Misstallica: Four Goofy Girls Who Shred.
Text and images by Chris Malo.
One repeatedly falafel belches throughout the interview. One works at the zoo and doesn’t want to tell her age. One talks about the chicken pox scar on her face and weird encounters with Facebook stalkers, including the guy who asked what she thinks about small wieners. And one is a crossword champ who is pretty much silent the entire time.
Maybe not be what you would expect of the country’s only all-female Metallica cover band, aptly named Misstallica.
Sitting in the dressing room before their first show at the TLA, lead vocalist and guitarist Gina Gleason (the James Hetfield of the group), lead guitarist Leanne Martz (part Dave Mustaine, part Kirk Hammett), bassist Teddi Tarnoff (the band’s Ron McGovney/Cliff Burton/Jason Newsted), and drummer Kaleen Reading (Lars Ulrich) repeatedly describe themselves as four goofy girls.
It turns out to be true.
Most of the band members are products of the School of Rock. Back in 2008, the girls – three of them are 20 years old and the fourth won’t reveal her age – played as a King Diamond cover band, aptly named Queen Diamond. Then they started playing Metallica songs, specifically the ones from Master of Puppets. From there, it took on it’s own life.
“We loved rock and metal,” Gleason explains.
She started her musical career on the upright bass. Reading began as a guitarist playing Black Sabbath material but when she sat behind her first drum kit, it just made more sense to her. Martz has always played guitar. Tarnoff’s background includes singing opera and playing the violin. All had been fans of speed metal.
“The classical background helped us applying things to metal,” Gleason says, “like shredding.”
“It helped us be appropriate in technique and know our shit going in to it,” adds Tarnoff.
Technique is something that the early albums of Metallica burst with. Misstallica only plays songs from the first four Metallica albums.
“That is the thrashy, shreddy, really badass stuff,” Gleason says. “I think people really appreciate when they come to see us, they know they’re going to hear that old school, classic thrash metal stuff.”
The girls agree that the early Metallica albums had a feel to them that sonically captured a particular time. It’s that era the girls want to replicate, which for a variety of reasons presents various obstacles.
“Anything off And Justice For All,” says Martz. “‘Dyers Eve.’ ‘Blackened.’ ‘Harvester of Sorrows’ was a bitch to learn for me.”
“‘Trapped Under Ice,’” Reading adds. “I’m not sure if it’s technical but it’s a physical thing. There is a very intense double bass.”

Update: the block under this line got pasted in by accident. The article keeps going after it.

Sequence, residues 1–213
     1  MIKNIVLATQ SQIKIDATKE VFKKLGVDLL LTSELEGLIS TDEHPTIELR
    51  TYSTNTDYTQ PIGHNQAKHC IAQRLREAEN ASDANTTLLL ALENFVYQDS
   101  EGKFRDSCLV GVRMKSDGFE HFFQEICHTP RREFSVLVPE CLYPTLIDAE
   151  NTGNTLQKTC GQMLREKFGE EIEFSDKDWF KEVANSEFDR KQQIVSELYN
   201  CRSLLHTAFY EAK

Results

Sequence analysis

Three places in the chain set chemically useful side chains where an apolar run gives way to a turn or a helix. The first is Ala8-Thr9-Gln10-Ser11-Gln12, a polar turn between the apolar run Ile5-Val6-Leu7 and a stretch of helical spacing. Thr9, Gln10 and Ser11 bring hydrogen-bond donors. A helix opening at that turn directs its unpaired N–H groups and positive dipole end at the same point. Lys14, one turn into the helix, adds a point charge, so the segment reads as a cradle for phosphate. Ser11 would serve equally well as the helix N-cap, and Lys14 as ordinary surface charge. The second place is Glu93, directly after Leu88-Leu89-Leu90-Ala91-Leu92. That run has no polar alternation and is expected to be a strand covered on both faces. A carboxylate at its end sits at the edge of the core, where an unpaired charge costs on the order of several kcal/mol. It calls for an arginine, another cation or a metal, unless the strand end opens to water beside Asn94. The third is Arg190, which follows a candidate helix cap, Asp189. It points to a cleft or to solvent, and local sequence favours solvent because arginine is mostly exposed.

There is also the issue of four women trying to fill the shoes of a huge, internationally-loved band with a hardcore fan base that loves hyper-aggressive, testosterone-fueled music.
“Because we are all girls, we have to be that much extra on our game,” Gleason explains. “At so many shows, there will be the front row of dudes with their arms crossed saying, ‘Let me see if she gets this solo right.’ Then you do and they are like, ‘Oh shit!’”
It can be very difficult scheduling gigs and practices around each band members’ jobs and their other musical endeavors – between the four of them, they play in at least six other bands. But their hard work is paying off.
Misstallica has played everywhere from Alaska to the United Kingdom. Gibson Guitars named Misstallica as one of the top five all-female cover bands, and last year they were profiled in the New York Times.
One of their biggest highlights came in June when James Hetfield’s guitar tech invited the band to Metallica’s own Orion Music Festival in Atlantic City. The highlight came as Reading was sitting at the drum kit.
Suddenly, in walked Lars Ulrich.
After the girls were introduced to Lars as the all-female Metallica tribute band, Reading introduced herself by saying, “Hi. I’m you!”
The greatest compliment they ever received was after a show when someone told them when they closed their eyes during the show, it was as if they were transported back to the ’80s, listening to Metallica play.
“Tribute bands are a novelty,” Tarnoff explains. “But there is a difference between those who do it, and those who do it well. And that’s where the legitimacy comes in. We try to be as authentic as we can. We’re still girls but that’s kind of the point. If that is how we have to get your attention, that’s fine. But if you come out to a show you will see we are serious about the music.”